Expert with ITMO University’s Center for Science Communication; specialist in higher education management; translator.
Three Books to Read This Month: March 2021
The Center for Science Communication and ITMO University’s library are launching a brand-new column series on literature. Twice a month, Kseniia Spiridonova, an expert with the Center, will share her top reading picks on selected topics.
This April is mental health month at ITMO University. Thus, today’s list will focus on works of fiction that’ll help you gain better understanding of the issues of identity, trauma, and interpersonal relationships.
My Grandmother Asked Me to Tell You She's Sorry, by Fredrik Backman
Fredrik Backman is, perhaps, one of today’s best-known Scandinavian writers out there. My Grandmother Asked Me to Tell You She's Sorry is his second novel and was well-received around the world.
Its protagonist, Elsa, is seven years old, very intelligent, and, perhaps for that very reason, somewhat lonely. Her best friend — her grandmother whom everyone else considers kooky — dies of cancer. Don’t worry, that’s not a spoiler.
Elsa loses a friend and a source of unconditional love and support. Someone who’s always been on her side no matter what. Elsa is left alone with her classmates, who don’t treat her all that warmly, her mother and stepfather, who care for her but can’t always find the right words for it, and her father, who really wants to be there for her, but doesn’t always excel at it.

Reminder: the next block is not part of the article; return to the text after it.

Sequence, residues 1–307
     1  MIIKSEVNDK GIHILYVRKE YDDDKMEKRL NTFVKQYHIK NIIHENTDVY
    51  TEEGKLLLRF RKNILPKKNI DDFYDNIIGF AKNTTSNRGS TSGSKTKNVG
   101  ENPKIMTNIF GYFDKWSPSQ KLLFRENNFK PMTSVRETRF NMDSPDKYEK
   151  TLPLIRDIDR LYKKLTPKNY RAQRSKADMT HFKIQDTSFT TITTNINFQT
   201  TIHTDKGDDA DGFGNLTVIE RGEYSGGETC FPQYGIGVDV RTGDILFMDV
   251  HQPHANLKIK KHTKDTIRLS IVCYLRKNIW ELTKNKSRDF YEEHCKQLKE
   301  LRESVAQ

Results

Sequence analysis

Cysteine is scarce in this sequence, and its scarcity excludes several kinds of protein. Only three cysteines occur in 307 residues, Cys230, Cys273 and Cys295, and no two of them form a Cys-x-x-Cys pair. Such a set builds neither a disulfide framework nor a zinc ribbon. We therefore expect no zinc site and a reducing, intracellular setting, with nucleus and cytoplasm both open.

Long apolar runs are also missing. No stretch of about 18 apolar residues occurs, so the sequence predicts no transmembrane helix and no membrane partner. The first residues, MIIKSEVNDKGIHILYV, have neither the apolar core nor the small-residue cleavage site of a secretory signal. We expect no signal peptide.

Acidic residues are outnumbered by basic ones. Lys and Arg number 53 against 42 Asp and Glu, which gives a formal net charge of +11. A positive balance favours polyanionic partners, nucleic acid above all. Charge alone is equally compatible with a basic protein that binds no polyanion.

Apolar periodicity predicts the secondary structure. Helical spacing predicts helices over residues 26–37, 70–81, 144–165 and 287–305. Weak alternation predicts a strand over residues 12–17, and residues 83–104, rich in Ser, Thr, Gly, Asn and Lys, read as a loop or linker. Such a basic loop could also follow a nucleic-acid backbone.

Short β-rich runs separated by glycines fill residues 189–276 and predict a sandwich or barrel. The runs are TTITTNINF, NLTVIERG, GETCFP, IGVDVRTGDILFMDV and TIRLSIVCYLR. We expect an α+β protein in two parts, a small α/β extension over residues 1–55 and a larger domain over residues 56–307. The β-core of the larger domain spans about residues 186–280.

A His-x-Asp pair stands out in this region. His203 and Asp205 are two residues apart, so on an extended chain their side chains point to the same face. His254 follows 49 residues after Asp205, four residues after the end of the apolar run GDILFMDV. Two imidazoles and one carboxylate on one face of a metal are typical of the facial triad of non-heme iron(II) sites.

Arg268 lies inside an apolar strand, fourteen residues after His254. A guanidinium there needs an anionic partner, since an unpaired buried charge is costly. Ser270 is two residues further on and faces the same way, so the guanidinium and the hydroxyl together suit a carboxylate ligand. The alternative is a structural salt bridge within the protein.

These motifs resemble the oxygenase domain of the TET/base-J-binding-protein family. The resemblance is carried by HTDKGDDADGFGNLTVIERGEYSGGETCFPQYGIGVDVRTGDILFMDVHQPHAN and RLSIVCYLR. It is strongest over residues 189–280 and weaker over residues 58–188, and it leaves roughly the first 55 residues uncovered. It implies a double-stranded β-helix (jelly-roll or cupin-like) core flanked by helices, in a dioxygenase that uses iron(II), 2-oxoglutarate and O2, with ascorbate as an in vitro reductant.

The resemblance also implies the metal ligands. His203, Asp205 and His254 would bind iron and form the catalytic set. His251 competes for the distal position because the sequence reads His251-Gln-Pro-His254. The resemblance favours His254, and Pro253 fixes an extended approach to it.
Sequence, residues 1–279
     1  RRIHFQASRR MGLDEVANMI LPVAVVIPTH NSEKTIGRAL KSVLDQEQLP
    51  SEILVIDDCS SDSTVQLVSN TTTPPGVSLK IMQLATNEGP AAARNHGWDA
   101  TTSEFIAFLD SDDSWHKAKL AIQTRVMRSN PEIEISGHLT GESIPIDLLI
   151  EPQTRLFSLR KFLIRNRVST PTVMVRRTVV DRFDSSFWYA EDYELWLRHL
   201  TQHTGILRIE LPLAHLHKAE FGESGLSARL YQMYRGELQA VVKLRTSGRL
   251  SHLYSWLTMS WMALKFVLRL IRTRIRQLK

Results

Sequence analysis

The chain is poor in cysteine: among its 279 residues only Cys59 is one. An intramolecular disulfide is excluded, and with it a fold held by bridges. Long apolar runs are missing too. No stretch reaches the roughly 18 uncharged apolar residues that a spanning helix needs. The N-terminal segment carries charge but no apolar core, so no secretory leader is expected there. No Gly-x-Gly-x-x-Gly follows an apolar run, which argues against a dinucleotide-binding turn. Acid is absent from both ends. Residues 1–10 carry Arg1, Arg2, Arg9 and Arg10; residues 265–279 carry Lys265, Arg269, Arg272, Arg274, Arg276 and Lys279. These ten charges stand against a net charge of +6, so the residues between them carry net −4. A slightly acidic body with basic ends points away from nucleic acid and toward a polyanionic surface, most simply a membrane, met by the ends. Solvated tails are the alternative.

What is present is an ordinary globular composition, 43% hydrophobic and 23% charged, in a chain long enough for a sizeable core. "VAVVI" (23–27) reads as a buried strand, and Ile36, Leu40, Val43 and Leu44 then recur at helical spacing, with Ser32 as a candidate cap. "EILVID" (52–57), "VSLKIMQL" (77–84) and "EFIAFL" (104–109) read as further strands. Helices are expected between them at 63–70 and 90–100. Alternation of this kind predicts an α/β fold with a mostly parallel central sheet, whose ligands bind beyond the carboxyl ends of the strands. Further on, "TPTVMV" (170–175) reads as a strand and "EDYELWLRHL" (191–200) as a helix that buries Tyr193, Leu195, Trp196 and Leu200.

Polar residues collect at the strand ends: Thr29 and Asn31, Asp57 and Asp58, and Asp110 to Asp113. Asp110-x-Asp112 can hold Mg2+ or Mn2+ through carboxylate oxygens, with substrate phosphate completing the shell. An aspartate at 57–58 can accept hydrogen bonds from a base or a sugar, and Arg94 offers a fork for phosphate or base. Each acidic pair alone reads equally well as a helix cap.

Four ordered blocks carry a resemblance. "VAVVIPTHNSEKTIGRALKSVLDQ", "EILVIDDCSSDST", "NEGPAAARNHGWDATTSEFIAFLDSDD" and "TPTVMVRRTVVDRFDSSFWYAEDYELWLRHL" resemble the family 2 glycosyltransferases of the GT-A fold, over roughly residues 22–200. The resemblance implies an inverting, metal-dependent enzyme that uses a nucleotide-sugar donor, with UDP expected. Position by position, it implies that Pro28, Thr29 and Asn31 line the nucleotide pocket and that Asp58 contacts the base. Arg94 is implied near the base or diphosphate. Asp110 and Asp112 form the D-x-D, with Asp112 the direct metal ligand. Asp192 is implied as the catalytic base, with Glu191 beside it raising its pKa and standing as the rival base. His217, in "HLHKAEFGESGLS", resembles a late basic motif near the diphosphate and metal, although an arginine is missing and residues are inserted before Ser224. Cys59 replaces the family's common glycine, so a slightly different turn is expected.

This is a book about dealing with trauma, knowing how to help someone in need, and being truly supportive of your children.
James Miranda Barry, by Patricia Duncker
Patricia Duncker’s novel has recently been described many times over as a "book undoubtedly deserving of attention."
The real-life story of the military surgeon James Miranda Barry is quite eventful, but would have probably not been so remarkable if not for the fact that upon Barry’s death, the doctor was found to have been born female.
Duncker’s book is a story of an individual’s success in becoming an incredible specialist despite the ignorance and sexism of the 19th century.
The author shares the tale of a remarkable person, explores issues of identity, and lets us wonder what it’s like to spend your life hiding your true self.
Winter Ice, Peter van Gestel
1947. Amsterdam is left scarred by the war. Thomas is ten, and together with his father he’s trying to process and get over his mother’s death. He’s not doing so well at it. In post-war Amsterdam, everyone has the same story — or worse. Thomas’s friends, Piet and his sister Bet, also have their own tragedies in addition to the one shared by all.
This is, naturally, a book about trauma, but, surprising as it may be, it’s not sad, though it can get grim at times. It’s also full of hope for normality, for a peaceful future, and offers many thoughts on friendship and support.
It should be noted that Peter van Gestel is a children’s author, and Winter Ice is a book written for teenagers. Perhaps that’s what makes the novel the way it is; despite touching upon difficult and thought-provoking topics, it remains light and hopeful.
For Winter Ice, Peter van Gestel received (among other prizes) the Golden Stylus — the Netherlands' highest award for writers of children’s and young adult literature.
Translation by Vadim Galimov